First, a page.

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How source code reviewing plays a crucial role in pentesting

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Source code reviewing has gained significant popularity as an analytical method in recent times. Often, the review of source code with a security perspective is not utilized extensively in security assessments or pentests. Some organizations believe that malicious hackers cannot access the source code or consider source code reviewing too costly. 

At Hacksclusive, we strongly disagree with this opinion. It's not a matter of if you will be hacked, but when and how often. It is a reasonable assumption that, sooner or later, cybercriminals could access and potentially manipulate the source code. Reviewing the source code is the most effective and efficient way to identify as many vulnerabilities as possible. In this article, we delve into what source code review entails, its role in pentesting, its applications, and the advantages it offers.

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Source Code reviewing and pentesting: a match made in heaven

You're likely familiar with pentesting, a term borrowed from English (penetration test), involving ethical hacking to expose vulnerabilities in devices, networks, servers, and/or applications. It's evident that not everything is visible on the surface. Vulnerabilities always exist, and if you're not actively searching for them, you won't notice until it's too late, resulting in a cyber attack or data breach. Ethical hackers are employed to penetrate IT infrastructure. If they breach through a vulnerability, it indicates a need to strengthen defenses in that specific area. In short, prevention is better than cure.

Source code reviewing is a component of pentesting, specifically a form of 'whitebox' pen testing where ethical hackers have full knowledge of an application, including access to the source code. Source code reviewing often occurs during the software development process, assessing the quality of the source code, and asking questions such as:

  • Are coding standards applied, are security best practices used generically, and does the code not contain unnecessary rules?
  • Is the code understandable, easily readable, and transferable?

From a security perspective, source code reviewing primarily examines whether the code contains insecure errors. The central question is, 'Are there weaknesses or errors that could lead to potential vulnerabilities?'

Normally, with source code review, you analyze the source code line by line. This is a time-consuming and labor-intensive process. A simple web application easily contains more than 10,000 lines of code, and complex applications may have over 1,000,000 lines of code. On average, the source code contains 10 errors per 1,000 lines of code. Fortunately, most errors are minor, but some can cause vulnerabilities that compromise the security of a device or application.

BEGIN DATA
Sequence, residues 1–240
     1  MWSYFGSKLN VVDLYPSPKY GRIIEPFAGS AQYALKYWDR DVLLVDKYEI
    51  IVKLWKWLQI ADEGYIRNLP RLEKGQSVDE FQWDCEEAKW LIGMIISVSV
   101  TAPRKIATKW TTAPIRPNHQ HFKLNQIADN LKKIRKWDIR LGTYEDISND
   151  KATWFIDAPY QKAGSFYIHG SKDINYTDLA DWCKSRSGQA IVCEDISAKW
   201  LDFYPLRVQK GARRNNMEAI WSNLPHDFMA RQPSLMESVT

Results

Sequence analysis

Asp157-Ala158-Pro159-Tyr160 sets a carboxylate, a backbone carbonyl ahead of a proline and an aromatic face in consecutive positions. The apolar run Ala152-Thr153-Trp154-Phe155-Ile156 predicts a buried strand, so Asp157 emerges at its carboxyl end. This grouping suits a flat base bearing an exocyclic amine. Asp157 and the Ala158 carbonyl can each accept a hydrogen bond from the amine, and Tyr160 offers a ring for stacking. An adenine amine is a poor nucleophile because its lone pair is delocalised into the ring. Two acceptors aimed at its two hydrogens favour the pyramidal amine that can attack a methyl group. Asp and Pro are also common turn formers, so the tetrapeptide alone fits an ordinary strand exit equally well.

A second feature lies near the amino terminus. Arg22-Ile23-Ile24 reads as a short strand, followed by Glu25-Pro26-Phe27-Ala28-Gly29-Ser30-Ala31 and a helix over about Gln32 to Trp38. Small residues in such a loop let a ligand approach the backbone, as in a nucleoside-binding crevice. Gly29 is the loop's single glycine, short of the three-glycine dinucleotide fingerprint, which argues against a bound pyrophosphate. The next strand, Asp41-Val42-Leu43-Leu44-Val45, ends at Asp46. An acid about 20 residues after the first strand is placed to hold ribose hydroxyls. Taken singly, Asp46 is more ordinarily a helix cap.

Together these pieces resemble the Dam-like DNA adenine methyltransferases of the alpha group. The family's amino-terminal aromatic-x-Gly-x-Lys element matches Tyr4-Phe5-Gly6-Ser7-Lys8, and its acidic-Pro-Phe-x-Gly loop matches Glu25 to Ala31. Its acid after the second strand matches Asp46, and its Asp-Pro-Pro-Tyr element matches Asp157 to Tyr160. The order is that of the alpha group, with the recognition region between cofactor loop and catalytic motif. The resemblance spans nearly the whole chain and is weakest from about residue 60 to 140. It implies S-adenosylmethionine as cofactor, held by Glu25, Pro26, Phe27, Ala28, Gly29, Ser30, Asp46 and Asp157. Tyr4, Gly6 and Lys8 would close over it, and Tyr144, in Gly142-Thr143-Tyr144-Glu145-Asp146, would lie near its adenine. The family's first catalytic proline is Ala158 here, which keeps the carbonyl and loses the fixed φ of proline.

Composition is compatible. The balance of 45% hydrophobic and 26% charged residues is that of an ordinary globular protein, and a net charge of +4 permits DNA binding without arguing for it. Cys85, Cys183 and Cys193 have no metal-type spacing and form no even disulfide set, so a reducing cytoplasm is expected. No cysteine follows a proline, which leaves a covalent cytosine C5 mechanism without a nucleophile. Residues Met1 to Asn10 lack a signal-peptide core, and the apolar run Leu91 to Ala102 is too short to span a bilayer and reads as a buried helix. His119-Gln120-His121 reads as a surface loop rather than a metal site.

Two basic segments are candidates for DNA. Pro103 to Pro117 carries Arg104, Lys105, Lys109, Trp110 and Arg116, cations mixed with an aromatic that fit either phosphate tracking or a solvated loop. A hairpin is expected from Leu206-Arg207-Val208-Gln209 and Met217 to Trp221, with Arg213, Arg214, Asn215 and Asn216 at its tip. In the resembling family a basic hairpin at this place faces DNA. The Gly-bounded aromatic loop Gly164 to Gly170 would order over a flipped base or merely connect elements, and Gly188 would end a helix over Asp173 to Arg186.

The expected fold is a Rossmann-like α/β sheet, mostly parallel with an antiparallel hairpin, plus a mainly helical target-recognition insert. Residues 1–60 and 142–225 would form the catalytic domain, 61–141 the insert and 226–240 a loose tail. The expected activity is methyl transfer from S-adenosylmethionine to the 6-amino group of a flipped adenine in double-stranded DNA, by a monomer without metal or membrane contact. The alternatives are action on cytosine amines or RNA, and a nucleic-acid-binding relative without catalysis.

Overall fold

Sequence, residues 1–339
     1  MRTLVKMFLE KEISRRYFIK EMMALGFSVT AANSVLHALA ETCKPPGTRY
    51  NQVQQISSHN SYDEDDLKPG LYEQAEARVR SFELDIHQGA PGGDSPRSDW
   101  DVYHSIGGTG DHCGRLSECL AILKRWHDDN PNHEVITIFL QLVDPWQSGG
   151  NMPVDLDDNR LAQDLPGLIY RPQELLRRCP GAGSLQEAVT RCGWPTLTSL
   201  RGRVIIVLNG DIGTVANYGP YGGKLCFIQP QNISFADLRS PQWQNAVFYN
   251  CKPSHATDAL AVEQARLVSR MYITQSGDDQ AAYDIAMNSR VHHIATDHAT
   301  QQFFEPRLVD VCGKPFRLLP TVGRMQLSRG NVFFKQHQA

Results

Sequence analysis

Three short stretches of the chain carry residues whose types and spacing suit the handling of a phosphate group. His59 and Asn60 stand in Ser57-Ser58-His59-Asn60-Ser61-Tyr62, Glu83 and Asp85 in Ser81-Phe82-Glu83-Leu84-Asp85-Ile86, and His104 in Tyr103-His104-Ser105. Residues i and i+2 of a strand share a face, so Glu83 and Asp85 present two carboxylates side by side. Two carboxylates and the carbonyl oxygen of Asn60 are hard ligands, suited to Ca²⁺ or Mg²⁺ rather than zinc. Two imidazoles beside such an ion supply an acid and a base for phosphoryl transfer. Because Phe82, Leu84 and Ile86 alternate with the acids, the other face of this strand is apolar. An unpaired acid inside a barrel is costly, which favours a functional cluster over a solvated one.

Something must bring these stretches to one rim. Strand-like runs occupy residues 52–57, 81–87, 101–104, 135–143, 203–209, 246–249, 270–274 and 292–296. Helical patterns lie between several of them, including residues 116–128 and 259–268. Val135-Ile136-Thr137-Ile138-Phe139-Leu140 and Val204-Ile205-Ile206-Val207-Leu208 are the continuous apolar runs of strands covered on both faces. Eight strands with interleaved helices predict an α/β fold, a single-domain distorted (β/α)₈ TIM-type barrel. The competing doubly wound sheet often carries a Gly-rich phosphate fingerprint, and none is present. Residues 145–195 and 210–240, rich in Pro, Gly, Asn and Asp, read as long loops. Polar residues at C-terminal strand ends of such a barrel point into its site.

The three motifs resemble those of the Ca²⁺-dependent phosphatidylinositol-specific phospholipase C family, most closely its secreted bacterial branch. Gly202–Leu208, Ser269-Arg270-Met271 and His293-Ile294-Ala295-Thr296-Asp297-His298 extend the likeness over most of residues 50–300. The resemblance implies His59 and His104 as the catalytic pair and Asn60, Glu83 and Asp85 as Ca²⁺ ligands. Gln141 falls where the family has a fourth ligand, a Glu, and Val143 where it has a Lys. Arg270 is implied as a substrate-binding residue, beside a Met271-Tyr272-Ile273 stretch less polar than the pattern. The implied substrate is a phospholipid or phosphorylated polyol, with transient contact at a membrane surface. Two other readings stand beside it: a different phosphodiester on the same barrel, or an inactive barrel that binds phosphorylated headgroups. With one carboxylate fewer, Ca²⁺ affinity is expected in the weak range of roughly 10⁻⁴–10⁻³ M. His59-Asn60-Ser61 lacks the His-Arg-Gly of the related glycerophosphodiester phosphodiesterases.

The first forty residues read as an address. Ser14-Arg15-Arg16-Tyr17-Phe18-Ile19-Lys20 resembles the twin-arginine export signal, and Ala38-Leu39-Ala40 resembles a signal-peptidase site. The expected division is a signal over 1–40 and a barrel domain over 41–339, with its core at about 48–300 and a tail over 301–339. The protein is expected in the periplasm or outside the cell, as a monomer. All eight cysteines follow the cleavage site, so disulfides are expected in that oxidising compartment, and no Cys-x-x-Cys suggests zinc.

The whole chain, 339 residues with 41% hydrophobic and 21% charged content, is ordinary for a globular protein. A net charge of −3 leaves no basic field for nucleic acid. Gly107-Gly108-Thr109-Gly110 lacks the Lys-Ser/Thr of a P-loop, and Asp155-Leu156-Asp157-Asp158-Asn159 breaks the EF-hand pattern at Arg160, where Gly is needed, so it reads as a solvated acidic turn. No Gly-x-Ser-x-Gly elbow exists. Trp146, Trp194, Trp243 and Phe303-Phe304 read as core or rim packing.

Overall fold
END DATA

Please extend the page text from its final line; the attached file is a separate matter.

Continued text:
Hacksclusive has developed an effective and efficient approach for analyzing source code for security flaws and/or weak points in security. The approach combines hands-on pentesting with code review. Initially, the functionality and workflow of, for example, a web application are mapped out.

Next, the code of the most critical functionality, from a security perspective, is analyzed. Possible errors or weak points that could lead to vulnerabilities are then verified. This is an approach that could be called reverse engineering.

Finally, in consultation with developers, a smart search is conducted for similar errors or other weak points in the code. This way, many vulnerabilities can be identified efficiently.

Source code reviewing has lots of advantages

Analyzing your source code offers numerous advantages for both software developers and ethical hackers. Here are some key benefits:

  • Provides In-Depth Insights: Source code reviewing provides the tester with in-depth insights into the internal workings of the system. This approach helps identify vulnerabilities that might be overlooked in blackbox and greybox pentests.
  • Identifies Design Flaws: Source code reviewing aids in identifying design flaws within the system, such as incorrect input validation or insecure data storage. These design flaws can lead to severe security issues, which might be identified as individual instances in other testing approaches, but a code review provides a generic overview. Certain vulnerabilities often remain unknown or undiscovered.
  • Validates Security Controls: Source code reviewing helps validate the effectiveness of security controls, such as access controls and authentication mechanisms. This approach assists in identifying weaknesses in these controls and improving their effectiveness.